China’s homegrown jet hits turbulence from US trade war

GUANGZHOU — On the reddish plains of Turpan in northwestern China, COMAC has conducted test flights of its C919 passenger jet since late June.

Temperatures in the city can exceed 40 C in the height of summer, and the state-owned Commercial Aircraft Corporation of China seeks to ensure that the aircraft  withstands the blistering heat.

COMAC and its passenger jet are key components of Beijing’s drive to become a global leader in high-tech industries. Though the latest tests bring the country one step closer to becoming a major airplane producer, the U.S. trade war has highlighted how China’s aerospace industry remains dependent on foreign technology and parts.

Development of the C919 began in 2008. The roughly 160-seat plane is comparable in size to the Airbus A320 or the Boeing 737, which are used widely by major carriers and budget airlines alike. COMAC has received orders for over 800 jets, largely from Chinese airlines.

China currently relies on U.S. and European makers for the majority of its aircraft. But with aerospace technology a crucial area of promotion under President Xi Jinping’s “Made in China 2025” manufacturing initiative launched in 2015, Beijing wants more than 10% of passenger jets on major routes to be made at home within five years.

As part of this effort, China has been absorbing foreign know-how. COMAC parent Aviation Industry Corp. of China formed a joint venture with U.S.-based Parker Hannifin for fuel control systems, and with United Technologies, now Raytheon Technologies, for power systems.

But the trade war threw a wrench into its plans. Of 39 core suppliers for the C919, fewer than 60% have full or partial Chinese ownership. Engines, in particular, come entirely from the U.S. China began developing a homegrown jet engine in 2011, though it is nowhere near ready for commercial use.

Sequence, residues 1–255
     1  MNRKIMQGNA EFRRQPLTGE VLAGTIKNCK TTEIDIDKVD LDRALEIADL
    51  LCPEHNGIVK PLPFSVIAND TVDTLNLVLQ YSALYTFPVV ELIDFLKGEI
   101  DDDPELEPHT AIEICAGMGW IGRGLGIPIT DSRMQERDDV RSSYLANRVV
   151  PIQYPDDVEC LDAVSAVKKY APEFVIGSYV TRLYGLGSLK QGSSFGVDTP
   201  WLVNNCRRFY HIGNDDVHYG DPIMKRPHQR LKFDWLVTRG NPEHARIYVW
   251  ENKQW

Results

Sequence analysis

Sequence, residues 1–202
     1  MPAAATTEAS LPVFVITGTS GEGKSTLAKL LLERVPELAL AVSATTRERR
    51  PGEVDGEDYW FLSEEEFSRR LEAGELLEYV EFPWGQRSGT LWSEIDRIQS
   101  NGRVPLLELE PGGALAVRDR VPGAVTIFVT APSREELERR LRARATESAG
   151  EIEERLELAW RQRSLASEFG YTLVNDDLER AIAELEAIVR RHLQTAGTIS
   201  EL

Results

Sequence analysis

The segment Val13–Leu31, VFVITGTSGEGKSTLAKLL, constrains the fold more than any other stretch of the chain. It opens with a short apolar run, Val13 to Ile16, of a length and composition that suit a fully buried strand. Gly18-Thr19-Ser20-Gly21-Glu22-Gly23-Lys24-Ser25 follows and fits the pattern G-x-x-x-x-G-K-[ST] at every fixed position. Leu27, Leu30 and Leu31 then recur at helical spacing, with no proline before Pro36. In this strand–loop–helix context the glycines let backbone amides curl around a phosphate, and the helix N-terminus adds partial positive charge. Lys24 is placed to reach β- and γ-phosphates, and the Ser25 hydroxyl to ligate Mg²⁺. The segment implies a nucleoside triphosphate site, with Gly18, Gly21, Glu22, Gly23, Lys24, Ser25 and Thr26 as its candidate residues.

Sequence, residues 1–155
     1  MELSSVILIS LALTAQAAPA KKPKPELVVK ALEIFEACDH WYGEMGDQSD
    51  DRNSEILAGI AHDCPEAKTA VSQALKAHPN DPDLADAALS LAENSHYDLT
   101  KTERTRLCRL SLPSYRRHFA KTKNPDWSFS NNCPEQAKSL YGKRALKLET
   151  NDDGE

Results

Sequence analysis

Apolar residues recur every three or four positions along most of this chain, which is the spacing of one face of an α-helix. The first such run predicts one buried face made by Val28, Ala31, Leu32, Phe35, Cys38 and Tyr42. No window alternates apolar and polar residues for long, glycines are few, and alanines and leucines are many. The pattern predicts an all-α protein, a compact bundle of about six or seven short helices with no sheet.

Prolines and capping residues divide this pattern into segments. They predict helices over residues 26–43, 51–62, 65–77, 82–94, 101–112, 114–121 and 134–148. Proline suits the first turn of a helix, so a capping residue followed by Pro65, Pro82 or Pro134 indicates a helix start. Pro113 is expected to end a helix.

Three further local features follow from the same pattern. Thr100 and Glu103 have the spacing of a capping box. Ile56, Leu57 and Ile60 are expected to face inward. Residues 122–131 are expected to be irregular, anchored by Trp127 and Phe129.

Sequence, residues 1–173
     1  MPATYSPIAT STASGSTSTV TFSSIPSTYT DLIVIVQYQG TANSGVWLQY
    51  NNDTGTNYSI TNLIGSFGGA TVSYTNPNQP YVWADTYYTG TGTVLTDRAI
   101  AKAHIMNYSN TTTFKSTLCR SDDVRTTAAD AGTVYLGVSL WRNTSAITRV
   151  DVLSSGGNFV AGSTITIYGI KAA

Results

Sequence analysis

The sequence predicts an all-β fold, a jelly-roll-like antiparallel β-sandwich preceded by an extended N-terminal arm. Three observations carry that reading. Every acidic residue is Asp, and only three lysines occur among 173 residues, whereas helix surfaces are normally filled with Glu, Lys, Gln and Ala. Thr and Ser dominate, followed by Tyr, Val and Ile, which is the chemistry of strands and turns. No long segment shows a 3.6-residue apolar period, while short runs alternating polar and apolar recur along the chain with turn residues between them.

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The risks were thrown into sharp relief in mid-February, when news broke that the U.S. was considering halting deliveries of C919 engines by CFM International — a joint venture between General Electric and France’s Safran.

“There are no short-term alternatives” if engine shipments from the U.S. cease, said Hua Chuang Securities, warning of major setbacks to Chinese jet production.

This concern was resolved when President Donald Trump tweeted that he wanted “China to buy our jet engines, the best in the World.” But the crisis demonstrated China’s reliance on the U.S. in the aerospace industry.

Washington also potentially stands in the way of China eventually exporting its jets. Aircraft and their components need to obtain type certification before they can be sold worldwide — the standards for which are essentially set by the U.S. Federal Aviation Administration and its European counterpart.

The coronavirus hurts China’s plans as well. Beijing aims to support homegrown jets for the foreseeable future through purchases by state-run airlines, such as the more than 100 ARJ21 jets that China Southern Airlines and two other carriers ordered from COMAC in August 2019.

But airlines are under strain from the pandemic. China’s three major carriers suffered a 50% to 60% plunge in passengers on the year in the January-May period. Despite a reopening of China’s economy, ridership remained down 50% on the year in May, and it may take a long time before returning to pre-coronavirus levels.

Fewer passengers mean less demand for the jets themselves. Boeing and Airbus already have decided to cut production.

COMAC insists its development is on the right track, but the company has not disclosed its latest timeline for deliveries of the jet or other milestones. The possibility of cancellations or delays hangs heavy over the project.

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